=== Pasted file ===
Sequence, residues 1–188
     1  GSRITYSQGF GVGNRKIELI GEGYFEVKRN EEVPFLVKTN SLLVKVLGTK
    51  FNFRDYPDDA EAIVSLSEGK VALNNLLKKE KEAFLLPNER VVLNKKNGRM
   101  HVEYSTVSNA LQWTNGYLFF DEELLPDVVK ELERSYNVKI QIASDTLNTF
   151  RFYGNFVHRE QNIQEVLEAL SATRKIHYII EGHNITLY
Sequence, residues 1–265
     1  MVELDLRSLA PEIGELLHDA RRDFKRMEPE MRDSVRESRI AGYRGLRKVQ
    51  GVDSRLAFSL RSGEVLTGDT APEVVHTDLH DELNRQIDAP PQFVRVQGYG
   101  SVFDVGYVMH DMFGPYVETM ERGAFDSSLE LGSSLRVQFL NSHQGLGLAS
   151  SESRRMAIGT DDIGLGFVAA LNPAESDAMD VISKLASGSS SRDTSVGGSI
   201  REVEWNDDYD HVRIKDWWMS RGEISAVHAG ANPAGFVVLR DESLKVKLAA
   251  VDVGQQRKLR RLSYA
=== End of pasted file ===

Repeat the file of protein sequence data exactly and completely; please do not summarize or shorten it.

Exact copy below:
Sequence, residues 1–188
     1  GSRITYSQGF GVGNRKIELI GEGYFEVKRN EEVPFLVKTN SLLVKVLGTK
    51  FNFRDYPDDA EAIVSLSEGK VALNNLLKKE KEAFLLPNER VVLNKKNGRM
   101  HVEYSTVSNA LQWTNGYLFF DEELLPDVVK ELERSYNVKI QIASDTLNTF
   151  RFYGNFVHRE QNIQEVLEAL SATRKIHYII EGHNITLY
Sequence, residues 1–265
     1  MVELDLRSLA PEIGELLHDA RRDFKRMEPE MRDSVRESRI AGYRGLRKVQ
    51  GVDSRLAFSL RSGEVLTGDT APEVVHTDLH DELNRQIDAP PQFVRVQGYG
   101  SVFDVGYVMH DMFGPYVETM ERGAFDSSLE LGSSLRVQFL NSHQGLGLAS
   151  SESRRMAIGT DDIGLGFVAA LNPAESDAMD VISKLASGSS SRDTSVGGSI
   201  REVEWNDDYD HVRIKDWWMS RGEISAVHAG ANPAGFVVLR DESLKVKLAA
   251  VDVGQQRKLR RLSYA